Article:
6. Busman1965
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    Busman1965 Junior Member

    Since the boat is good and dry, after being layed up for 3 years, you might think about covering the hull with glass. I have done several very old wood hulls with fiberglass (epoxy not polyester), and they are still going strong decades later. Epoxy is easy to work with, its much easier than other glues.
    One advantage to a full epoxy/glass bottom is the strength and rigidity it gives an old wood hull, if done properly. My own 1928 salmon troller has 6 layers of very heavy glass on the bottom, which has been on for 10 years, and is still like new, and does not leak a drop........not a bad thing for a 79 year old hull! Also, it keeps the old teredo worms out, and reduces the electrolisys in the fastenings, if done right.
     
  7. anti-q8
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    anti-q8 slightly insane.

    I have thought about glassing it, and I'm definately leaning in that direction, but I think that with my limited budget at this time, it's going to have to wait for another year. My biggest goal this year is to see if I can at least get her to a point where she can go in the water next spring.
     
  8. alan white
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    alan white Senior Member

    The experts, who have fiberglassed thousands of bottoms successfully (with polyester!) claim the boat should first take up and then allow the surface alone to dry, rather than glassing a very dry boat. This lets the planking remain unstressed once the boat is in the water. The inside surface should definately be sealed to limit rapid moisture transfer so that the planking can adjust gradually and stay flat.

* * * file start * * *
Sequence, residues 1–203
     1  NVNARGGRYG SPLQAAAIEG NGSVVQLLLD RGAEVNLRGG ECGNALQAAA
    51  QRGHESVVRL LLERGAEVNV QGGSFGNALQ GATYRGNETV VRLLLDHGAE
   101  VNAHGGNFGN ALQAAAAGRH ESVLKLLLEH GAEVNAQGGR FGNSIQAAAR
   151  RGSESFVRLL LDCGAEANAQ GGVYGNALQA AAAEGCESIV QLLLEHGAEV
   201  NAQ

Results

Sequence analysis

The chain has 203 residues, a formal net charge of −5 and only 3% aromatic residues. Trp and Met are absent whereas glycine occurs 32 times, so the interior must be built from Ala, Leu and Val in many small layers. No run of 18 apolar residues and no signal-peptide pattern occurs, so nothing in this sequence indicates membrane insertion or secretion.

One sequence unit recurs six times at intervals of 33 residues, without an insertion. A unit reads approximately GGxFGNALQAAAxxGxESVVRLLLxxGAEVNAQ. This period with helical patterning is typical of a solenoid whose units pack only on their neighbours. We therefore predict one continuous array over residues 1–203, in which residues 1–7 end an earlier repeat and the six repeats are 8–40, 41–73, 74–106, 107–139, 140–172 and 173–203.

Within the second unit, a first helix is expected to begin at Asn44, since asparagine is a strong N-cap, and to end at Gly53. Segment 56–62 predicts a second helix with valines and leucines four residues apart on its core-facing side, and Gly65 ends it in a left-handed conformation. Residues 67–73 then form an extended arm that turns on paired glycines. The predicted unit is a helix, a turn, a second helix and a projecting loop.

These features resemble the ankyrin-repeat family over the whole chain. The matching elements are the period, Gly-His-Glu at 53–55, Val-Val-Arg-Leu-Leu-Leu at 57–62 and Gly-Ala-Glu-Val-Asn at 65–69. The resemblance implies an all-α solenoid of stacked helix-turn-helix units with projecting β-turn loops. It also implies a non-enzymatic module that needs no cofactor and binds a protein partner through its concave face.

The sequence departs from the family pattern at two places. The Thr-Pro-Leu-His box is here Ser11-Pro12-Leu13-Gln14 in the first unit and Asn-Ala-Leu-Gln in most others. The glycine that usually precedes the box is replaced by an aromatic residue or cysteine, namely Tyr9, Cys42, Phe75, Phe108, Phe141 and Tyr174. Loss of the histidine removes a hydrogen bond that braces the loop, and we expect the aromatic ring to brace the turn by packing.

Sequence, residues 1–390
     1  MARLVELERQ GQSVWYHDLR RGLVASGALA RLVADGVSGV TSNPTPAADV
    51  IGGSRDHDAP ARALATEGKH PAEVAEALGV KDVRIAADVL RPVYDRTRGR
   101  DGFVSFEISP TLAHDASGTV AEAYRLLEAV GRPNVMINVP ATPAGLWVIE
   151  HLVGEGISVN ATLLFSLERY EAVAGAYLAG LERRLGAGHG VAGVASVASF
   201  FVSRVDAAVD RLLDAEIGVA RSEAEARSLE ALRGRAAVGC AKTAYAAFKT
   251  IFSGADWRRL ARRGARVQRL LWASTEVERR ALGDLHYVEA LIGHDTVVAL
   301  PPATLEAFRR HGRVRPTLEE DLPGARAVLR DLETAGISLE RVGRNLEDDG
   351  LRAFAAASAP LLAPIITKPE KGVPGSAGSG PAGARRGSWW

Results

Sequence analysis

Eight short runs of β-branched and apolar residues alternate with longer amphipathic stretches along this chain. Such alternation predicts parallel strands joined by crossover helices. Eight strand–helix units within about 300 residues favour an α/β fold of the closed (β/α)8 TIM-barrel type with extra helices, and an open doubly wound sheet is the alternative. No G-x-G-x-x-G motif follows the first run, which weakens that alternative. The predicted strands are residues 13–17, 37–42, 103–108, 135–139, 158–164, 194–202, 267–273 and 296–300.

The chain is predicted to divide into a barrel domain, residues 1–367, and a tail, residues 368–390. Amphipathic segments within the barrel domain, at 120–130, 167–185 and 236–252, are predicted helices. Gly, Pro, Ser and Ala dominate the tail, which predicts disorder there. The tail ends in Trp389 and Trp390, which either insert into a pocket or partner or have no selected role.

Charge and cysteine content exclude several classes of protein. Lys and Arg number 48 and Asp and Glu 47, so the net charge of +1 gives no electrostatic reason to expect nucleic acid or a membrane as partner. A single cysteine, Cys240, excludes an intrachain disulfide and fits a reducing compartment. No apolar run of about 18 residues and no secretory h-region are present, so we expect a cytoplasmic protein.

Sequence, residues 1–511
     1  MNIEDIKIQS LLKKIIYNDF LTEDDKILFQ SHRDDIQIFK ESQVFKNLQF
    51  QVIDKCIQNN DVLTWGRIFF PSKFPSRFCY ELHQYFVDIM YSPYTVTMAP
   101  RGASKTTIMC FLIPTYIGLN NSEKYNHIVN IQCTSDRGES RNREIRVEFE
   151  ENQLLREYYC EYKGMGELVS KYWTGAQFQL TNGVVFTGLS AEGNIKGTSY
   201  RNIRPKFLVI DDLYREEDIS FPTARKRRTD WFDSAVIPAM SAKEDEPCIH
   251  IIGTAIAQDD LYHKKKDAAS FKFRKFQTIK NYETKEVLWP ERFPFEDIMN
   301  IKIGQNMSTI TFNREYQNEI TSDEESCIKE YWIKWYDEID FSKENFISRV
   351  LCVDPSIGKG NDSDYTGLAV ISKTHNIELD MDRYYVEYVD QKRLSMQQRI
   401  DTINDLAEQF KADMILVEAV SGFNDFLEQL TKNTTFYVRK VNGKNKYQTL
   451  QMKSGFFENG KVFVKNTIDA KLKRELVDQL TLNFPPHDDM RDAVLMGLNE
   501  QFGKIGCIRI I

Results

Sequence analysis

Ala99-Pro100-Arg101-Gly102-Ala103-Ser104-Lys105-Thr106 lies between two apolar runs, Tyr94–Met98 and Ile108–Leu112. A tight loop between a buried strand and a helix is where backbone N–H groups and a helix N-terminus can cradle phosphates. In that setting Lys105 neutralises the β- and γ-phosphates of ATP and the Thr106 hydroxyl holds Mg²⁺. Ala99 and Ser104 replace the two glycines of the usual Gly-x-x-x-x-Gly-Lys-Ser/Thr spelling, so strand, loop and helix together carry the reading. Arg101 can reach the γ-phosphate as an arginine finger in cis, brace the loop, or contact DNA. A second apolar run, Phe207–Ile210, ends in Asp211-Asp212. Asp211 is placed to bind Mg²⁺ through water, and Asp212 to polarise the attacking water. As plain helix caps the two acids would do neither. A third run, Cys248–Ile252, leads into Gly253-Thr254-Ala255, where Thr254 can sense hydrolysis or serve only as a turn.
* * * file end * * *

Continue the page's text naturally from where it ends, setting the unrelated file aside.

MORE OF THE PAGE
I don't see a problem with a polyurethane glue and it may be better on white oak if that is what the frames will be made from. I would seal the frames afterwards with epoxy.
    I gather the frames are steamed, as you mentioned laminating. You could steam white oak easily by researching how it's done. It's not that difficult, and a lot cheaper and quicker.
    An alternative would be sawn frames if their bulk doesn't interfere with furnishings. Though heavier, they wont matter where a few frames are involved. They can be lapped and bolted/screwed and are stronger than steamed, and so easy to do.
    I assume this isn't batten seam construction, but you haven't said.

    Alan
     
  9. anti-q8
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    anti-q8 slightly insane.

    Sad news. The boat proved to be too far gone, and was cut up. I apologize to all who love old boats and hate to see this happen to them. It broke my heart.
     
  10. TollyWally
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    TollyWally Senior Member

    Always sad but many times inevitable. While undoubtedly not environmentaly "PC" I prefer the dignity of flame.
     

  11. charmc
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    charmc Senior Member

    No need to apologize. Your desire was good, but we can't always do what we want. The unfortunate fact is that a full restoration sometimes costs more than a newbuild. There will be another project, if you want one.